This version of PEX is the one I have personally found to emit a noxious smell. While PEX piping is made from cross-linked polyethelene, the manufacturer of SuperPEX indicates that it is also made with "TempRiteTM Resine compounds". While the components of the actual compound is unclear, it appears to be manufactured from a CPVC (chlorinated polyvinyl chloride) composite. The manufacturer claims these compounds are safe, yet some studies show that CPVC can also cause health issues.

As I found the smell of the pipe to be noxious, coupled with the possible health risks, I ruled out SuperPEX for our home without further research.
The main difference between CPVC (Chlorinated Polyvinyl Chloride) and PVC (Polyvinyl Chloride) is the range of temperatures each is capable of withstanding. CPVC can handle temperatures up to 200° Fahrenheit, while PVC peaks at 140° Fahrenheit. Above those temperatures, both CPVC and PVC will begin to soften which increases the risk of joint and pipe failure. PVC pipes also require bonding adhesives not required in other plastic piping.

PVC is a plastic with added chlorine and stabilizers that prevent oxidation and degradation. CPVC is a thermoplastic made from the chlorination of the polyvinyl chloride resin that effectively increases the chlorine content of the material. Leaching studies commissioned by the State of California and conducted by UC Berkeley found that PVC and CPVC plumbing pipes leached potentially toxic chemicals such as chloroform, tetrahydrofuran, methyl ethyl ketone, acetate into drinking water – all of which may cause cancer and ozone pollution.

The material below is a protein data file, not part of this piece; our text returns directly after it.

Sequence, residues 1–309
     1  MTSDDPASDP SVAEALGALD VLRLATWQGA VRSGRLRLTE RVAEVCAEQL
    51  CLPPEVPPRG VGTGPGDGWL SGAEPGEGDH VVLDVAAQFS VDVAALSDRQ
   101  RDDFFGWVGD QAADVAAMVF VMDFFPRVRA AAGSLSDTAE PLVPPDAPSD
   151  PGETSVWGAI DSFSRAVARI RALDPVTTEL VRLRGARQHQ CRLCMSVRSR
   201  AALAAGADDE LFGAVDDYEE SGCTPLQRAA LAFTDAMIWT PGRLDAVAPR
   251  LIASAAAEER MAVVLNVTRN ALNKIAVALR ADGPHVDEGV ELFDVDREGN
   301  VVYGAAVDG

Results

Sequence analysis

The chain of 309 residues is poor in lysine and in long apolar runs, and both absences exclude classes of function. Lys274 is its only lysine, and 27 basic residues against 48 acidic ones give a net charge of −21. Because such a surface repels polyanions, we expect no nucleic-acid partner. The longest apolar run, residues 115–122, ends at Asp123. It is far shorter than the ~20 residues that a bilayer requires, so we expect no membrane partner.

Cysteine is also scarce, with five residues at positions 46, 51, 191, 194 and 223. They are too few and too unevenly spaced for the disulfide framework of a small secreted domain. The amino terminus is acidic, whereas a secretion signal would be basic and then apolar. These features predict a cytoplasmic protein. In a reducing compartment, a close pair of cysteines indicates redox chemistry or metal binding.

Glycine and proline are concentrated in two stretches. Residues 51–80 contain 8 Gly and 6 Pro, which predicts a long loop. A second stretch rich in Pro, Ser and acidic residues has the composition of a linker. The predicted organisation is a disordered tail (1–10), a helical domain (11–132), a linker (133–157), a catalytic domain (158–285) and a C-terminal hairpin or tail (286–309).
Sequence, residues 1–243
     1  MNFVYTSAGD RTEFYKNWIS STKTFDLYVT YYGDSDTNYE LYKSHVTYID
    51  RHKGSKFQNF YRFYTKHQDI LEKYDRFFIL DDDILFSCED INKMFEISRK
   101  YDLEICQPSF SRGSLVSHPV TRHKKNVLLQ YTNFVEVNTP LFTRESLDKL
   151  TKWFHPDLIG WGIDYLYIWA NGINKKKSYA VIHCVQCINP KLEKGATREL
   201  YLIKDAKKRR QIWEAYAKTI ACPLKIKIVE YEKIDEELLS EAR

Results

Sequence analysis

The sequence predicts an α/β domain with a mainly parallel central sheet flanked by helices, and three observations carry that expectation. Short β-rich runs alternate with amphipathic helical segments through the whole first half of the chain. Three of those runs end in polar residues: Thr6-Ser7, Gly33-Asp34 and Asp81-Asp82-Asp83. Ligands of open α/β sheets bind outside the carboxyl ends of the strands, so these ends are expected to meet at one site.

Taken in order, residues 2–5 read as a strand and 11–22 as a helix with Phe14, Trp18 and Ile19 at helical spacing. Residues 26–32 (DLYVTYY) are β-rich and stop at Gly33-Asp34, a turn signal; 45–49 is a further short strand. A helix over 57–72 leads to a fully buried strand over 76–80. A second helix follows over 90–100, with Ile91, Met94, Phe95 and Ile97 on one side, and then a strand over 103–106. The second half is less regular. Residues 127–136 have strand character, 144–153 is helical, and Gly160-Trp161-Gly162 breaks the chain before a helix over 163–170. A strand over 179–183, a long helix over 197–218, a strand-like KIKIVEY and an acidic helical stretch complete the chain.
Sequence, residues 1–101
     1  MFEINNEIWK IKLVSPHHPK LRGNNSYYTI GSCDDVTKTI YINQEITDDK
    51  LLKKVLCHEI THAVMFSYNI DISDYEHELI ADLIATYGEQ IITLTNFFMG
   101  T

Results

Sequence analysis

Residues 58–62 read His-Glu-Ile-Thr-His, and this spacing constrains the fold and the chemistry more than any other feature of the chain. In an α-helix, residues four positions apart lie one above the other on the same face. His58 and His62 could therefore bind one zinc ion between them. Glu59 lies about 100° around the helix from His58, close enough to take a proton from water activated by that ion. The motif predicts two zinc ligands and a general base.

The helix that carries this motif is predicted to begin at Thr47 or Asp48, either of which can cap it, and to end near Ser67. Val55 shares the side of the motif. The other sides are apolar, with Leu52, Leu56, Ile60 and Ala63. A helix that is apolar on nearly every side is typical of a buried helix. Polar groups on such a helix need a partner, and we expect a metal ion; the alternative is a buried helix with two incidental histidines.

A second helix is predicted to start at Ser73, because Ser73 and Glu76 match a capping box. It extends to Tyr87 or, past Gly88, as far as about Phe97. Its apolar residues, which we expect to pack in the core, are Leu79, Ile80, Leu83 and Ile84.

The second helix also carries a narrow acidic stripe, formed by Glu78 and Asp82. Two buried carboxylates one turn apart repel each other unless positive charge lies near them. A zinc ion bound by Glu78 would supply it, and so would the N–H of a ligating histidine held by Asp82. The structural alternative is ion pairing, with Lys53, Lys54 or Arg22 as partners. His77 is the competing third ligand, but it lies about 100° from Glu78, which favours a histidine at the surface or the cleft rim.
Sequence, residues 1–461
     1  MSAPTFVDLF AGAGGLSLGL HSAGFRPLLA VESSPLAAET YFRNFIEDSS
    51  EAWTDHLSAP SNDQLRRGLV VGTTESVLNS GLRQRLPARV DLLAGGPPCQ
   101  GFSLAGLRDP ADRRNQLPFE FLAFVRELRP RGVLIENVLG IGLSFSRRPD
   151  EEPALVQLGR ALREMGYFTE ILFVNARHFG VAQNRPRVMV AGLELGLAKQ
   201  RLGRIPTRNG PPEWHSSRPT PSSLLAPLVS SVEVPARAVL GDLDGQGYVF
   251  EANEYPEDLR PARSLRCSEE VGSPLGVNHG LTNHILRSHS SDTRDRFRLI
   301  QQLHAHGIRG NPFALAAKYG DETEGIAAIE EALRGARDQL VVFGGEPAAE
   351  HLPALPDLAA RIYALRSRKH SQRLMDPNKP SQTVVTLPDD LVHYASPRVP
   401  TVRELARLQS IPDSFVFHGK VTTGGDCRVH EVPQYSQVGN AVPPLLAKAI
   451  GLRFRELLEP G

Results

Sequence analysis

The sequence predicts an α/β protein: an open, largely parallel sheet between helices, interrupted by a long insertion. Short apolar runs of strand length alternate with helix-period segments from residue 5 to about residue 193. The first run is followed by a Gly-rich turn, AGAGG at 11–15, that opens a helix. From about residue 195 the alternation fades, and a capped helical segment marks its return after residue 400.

Additionally, the synthetic adhesives used to join PVC and CPVC pipes (such as epoxies, polyurethanes, cyanocrylates and acrylic polymers) contain nasty ingredients including benzene, toluene, xylene, styrene, acetone, methanol, phenol and dichloromethane.

I also ruled out PVC/CPVC as an option for our home.
Polypropylene (PPR): 
Polypropylene is relatively new to the United States and Canada, but has been used in Europe for over 30 years. Touted as being one of the safest plastics, polypropylene has been found to be less likely to leach chemicals into water than any other type of plastic piping. As heat is used to join polypropylene pipes, instead of chemical solvents or soldiering, it is considered a healthier pipe even though the melting plastic will likely release some VOC’s until it hardens. As a result of the heat joining PPR is more labor intensive to install than PEX.

While polypropylene is considered a low-toxin plastic, one study did find that polypropylene plastic ware used for laboratory studies did leach at least two chemicals.
As the bonding of the pipes requires heat fusion, it is not something I would want done in my living space and may be more appropriate for new home construction. Therefore, I vote no for PPR for my home retrofit.
For those looking for it in North America, I found a company named Aquatherm.

(Polyethylene of Raised Temperature) As far as plastics go, polyethylene is one of the safer plastics, the problem with PEX is that it's cross-linked and contains additives. PE-RT is the alternative. PE-RT is a PEX-like pipe without the cross-linking chemicals.